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Awesome Job or Devious Scam?

Kate Lorenz, CareerBuilder.com.

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Anyone who has ever looked for a job has certainly seen countless ads that simply sound too good to be true. What do these ads look like? They probably included phrases such as:

Make $4,000 a Week from Home -- No Sales!

No experience necessary!

Earn $35,000 - $50,000 a year working part-time!

Sounds great, right? Well, like most things in life, if it seems too good to be true, it usually is. From envelope-stuffing schemes to mystery shopper promotions, the world of scam ads is wide and complex. The problem with many work-at-home schemes is that they require the worker to spend their own money to get started, and once they do, there's often no return on investment. In many cases, you will have to foot the bill for supplies, starter kits, training and more. Other situations that claim to be "easy money with no sales" often do involve a great deal of sales work in challenging environments.

Sheila Adkins, spokesperson for the Council of Better Business Bureaus, says that while there are some credible work-at-home opportunities out there, many of these ads are not the real thing. "It's very hard to find a legitimate work-at-home opportunity through an ad like these." Adkins says there are clues that can help you figure out if an ad is a great opportunity or a dangerous scam.

1. Be Alert for Red Flags.
"One sure red flag is when you review the ad and it does not say specifically what the work will be," she says. Another, is the phrase "no experience necessary," especially when coupled with the promise of big money. Promises like these should tell you right away that the opportunity is not legitimate. Be cautious, too, of any companies that operate outside the country.

2. Do Your Research.
If you are trying to sort the good from the bad, Adkins says you have to do a little investigative work. She suggests checking with the Better Business Bureau, your state's Attorney General, and other state business offices to see if the company is licensed and registered to do business in your state. Most fraudulent companies will not go through the work of filling out the paperwork and registering with the appropriate organizations.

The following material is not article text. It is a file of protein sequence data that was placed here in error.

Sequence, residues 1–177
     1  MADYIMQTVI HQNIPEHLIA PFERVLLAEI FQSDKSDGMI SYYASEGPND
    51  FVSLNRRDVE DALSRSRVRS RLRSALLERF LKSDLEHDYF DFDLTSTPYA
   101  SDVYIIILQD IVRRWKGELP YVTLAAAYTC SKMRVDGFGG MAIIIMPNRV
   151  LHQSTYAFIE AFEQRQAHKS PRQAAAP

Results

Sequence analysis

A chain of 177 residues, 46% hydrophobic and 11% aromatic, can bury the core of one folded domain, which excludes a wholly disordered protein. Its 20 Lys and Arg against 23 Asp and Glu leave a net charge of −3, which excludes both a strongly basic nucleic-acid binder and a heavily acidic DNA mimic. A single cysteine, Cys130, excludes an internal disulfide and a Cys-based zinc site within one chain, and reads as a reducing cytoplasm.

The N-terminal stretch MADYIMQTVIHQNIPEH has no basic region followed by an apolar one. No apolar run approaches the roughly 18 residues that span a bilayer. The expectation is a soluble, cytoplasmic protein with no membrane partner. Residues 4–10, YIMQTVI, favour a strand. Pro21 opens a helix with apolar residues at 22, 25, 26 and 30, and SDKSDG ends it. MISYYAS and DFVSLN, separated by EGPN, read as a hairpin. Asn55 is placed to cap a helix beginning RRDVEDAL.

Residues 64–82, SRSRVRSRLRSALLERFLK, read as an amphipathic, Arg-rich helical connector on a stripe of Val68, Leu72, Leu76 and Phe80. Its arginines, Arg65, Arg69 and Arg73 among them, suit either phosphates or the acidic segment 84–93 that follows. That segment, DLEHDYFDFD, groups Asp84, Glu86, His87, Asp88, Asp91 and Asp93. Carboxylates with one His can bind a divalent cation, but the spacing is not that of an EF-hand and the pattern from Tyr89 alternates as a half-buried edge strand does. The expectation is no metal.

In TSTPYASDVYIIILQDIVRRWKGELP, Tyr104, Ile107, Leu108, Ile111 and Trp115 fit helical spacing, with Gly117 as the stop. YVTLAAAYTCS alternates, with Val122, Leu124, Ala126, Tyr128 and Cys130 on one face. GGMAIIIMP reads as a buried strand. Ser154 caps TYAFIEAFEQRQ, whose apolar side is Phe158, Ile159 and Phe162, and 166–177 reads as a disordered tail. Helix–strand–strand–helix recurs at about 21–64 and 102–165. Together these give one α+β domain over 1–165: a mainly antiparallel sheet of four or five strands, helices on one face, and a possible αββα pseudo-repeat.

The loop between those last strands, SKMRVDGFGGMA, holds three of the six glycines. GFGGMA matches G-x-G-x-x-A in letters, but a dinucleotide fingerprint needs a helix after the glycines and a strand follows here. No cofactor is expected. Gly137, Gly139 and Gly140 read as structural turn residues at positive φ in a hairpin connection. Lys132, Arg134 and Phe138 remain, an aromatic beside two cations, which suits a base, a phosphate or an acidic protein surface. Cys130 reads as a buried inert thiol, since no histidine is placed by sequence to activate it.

3. Insist on a Face-to-Face Meeting.
If the company representative wants to conduct all business with you via e-mail, phone and fax, look out. Adkins says you should always ask for a face-to-face meeting before taking on a business opportunity.

4. Don't Give out Personal Information.
Many con artists use business opportunity schemes to gather personal information for identity theft. You should never give out information like your Social Security number or bank account number, especially over the phone or online.

5. Look Out For "Pay to Play" Opportunities.
"Beware of any company that requires money to be sent or involves large startup costs," Adkins says. Yes, there are some work-at-home opportunities that are legitimate and require an initial investment, such as selling Mary Kay cosmetics or Avon products. But Adkins points out that these are established companies that have been around for years and have positive reputations.

6. Ask lots of questions.
If you have found a possible opportunity and have scheduled a face-to-face meeting, Adkins says you need to be prepared to ask many questions, including:

  • Who will be paying me?

  • How often will I be paid?

  • What exactly will I be doing?

  • Is this contract-based or permanent work?

  • Where is your company's physical location?

  • Does your company operate under any other names?

  • What is the total cost for me to participate in this program?

  • What is your company's privacy policy?

  • If you are not satisfied with answers to any of these questions, then simply walk away. Even if you are, take time to verify what they told you. Yes, many people do earn a living working from home. But it is important to understand that most of these individuals are working in a field in which they already have experience. Establishing a home-based business takes a lot of work, dedication, contacts and time. If a company tells you that you can make it to the top immediately, you are probably better off moving on to the next opportunity.

    Kate Lorenz is the article and advice editor for CareerBuilder.com. She's an expert in job search strategy, career management, hiring trends and workplace issues.



    Last Updated: 28/01/2009 - 11:27 AM


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